Overview of the Human Rights and Opportunity Act
The Connecticut Human Rights and Opportunities (CHRO) Act provides protection for an individuals civil rights. It prohibits an employer from discriminating on the basis of gender identity or expression, race, age, color, sex, national origin, religious creed, marital status, ancestry, sexual orientation, criminal record (in state employment and licensing only), disability (physical, mental, learning, or intellectual), or genetic information.
Who is Protected by the CHRO?
This statute against workplace discrimination covers smaller employers who are not covered by federal law. If there are between 3 and 14 employees in your workplace, you’re covered under Connecticut state law, but not (with some exceptions) laws enforced by the EEOC. If there are 15 or more employees at your workplace, you fall under BOTH the state and federal law.
If an organization employees fifty (50) or more people, two (2) hours of training to all supervisory employees and to all new supervisory employees within six (6) months of their hiring or promotion to a supervisory role.
Comprehensive training on the Human Rights and Opportunities Act compliance is critical to meeting state agency requirements. Regular monitoring is conducted by state administrative agencies to determine compliance with sections 4a-60 and 4a-60a, and the provisions of the general statutes that prohibit discrimination. Noncompliance may lead to the issuing of a complaint, followed by a scheduled hearing and appropriate proceedings or a certificate of noncompliance.
What We Offer
At Traliant, we help you implement the right compliance training courses to establish and carry out personnel and employment policies in full compliance with Connecticut anti-discrimination statutes. Our training is designed to be easy, straightforward, engaging, interactive, and highly customizable to meet your business needs.
Traliant goes beyond just providing compliance courses. We strive to help you truly understand how to deal with and respond to employment and workplace harassment and discrimination situations by:
- Delivering fresh, user-friendly content through a interactive video.
- Episode-based courses that deliver bite-size training modules.
- Easily customized courses that delivery a custom-course experience at off-the-shelf pricing
To simplify your research, we’ve compiled a checklist of regulations for anti-harassment policy and training. Traliant offers a training suite of Preventing Discrimination and Harassment Courses designed for employees and managers. Our training meets all of the requirements and recommendations for the Connecticut CHRO Act, California AB 1825, and California AB 2053, and is also compliant with the EEOC Guidelines for anti-discrimination training.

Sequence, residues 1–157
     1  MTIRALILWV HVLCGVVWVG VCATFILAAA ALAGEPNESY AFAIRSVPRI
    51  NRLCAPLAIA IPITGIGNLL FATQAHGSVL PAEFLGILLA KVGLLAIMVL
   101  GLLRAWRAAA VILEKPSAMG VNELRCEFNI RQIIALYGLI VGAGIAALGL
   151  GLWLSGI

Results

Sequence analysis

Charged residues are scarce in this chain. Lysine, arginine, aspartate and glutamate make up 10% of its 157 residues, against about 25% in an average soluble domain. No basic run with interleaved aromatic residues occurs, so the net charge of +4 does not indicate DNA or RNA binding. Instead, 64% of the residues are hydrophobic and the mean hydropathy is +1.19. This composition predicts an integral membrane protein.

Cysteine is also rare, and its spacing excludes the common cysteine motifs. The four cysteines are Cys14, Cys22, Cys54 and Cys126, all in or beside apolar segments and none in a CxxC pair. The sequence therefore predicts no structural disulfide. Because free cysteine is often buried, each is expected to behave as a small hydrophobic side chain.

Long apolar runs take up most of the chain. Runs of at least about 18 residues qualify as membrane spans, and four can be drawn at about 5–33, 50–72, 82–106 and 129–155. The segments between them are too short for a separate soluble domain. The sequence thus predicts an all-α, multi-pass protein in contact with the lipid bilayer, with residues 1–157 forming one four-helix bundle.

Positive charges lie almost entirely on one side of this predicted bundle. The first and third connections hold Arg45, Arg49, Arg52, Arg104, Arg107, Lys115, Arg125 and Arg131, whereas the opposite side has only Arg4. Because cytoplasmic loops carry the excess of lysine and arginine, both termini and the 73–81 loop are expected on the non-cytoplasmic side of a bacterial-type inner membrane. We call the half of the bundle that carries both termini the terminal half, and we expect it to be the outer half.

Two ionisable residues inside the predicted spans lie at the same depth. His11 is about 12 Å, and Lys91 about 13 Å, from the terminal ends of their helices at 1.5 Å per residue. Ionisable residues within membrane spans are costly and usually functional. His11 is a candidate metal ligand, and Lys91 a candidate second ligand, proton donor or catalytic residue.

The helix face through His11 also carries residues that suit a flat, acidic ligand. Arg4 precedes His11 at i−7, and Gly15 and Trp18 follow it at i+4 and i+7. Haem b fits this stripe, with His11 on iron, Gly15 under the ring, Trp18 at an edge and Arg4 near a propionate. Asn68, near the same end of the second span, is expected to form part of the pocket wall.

|The Connecticut Human Rights and Opportunities Act (CHRO) requires employers with 50 or more employees to provide two hours of training to supervisors. The training should cover these topics:||Covered by Traliant:|
|1. Defining sexual harassment as explicitly set forth in Connecticut law.|
|2. Discussing the types of conduct that may constitute sexual harassment under the law, including that the harasser or the victim may be either a man or a woman, and that harassment can involve persons of the same or opposite sex.|
|3. Describing the remedies available in sexual harassment cases, including, but not limited to, cease and desist orders; hiring, promotion or reinstatement; compensatory damages and back pay.|
|4. Advising employees that individuals who commit acts of sexual harassment may be subject to both civil and criminal penalties;|
|5. Discussing strategies to prevent sexual harassment in the work place.|
|By way of example, but not limited to, the Connecticut CHRO training may also include the following elements:||Covered by Traliant:|
|6. Informing training participants that all complaints of sexual harassment must be taken seriously, and that once a complaint is made, supervisory employees should report it immediately to officials designated by the employer, and that the contents of the complaint are personal and confidential and are not to be disclosed except to those persons with a need to know.|
|7. Conducting experiential exercises such as role playing, coed group discussions and behavior modeling to facilitate understanding of what constitutes sexual harassment and how to prevent it.|
|8. Teaching the importance of interpersonal skills such as listening and bringing participants to understand what a person who is sexually harassed may be experiencing;|
|9. Advising employees of the importance of preventive strategies to avoid the negative effects sexual harassment has upon both the victim and the overall productivity of the work place due to interpersonal conflicts, poor performance, absenteeism, turnover and grievances.|
|10. Explaining the benefits of learning about and eliminating sexual harassment which include a more positive work environment with greater productivity and potentially lower exposure to liability, in that employers--and supervisors personally--have been held liable when it is shown that they knew or should have known of the harassment.|
|11. Explaining the employer's policy against sexual harassment, including a description of the procedures available for reporting instances of sexual harassment and the types of disciplinary actions which can and will be taken against persons who have been found to have engaged in sexual harassment.|
|12. Discussing the perceptual and communication differences among all persons and, in this context, the concepts of "reasonable woman" and "reasonable man" developed in federal sexual harassment cases.|
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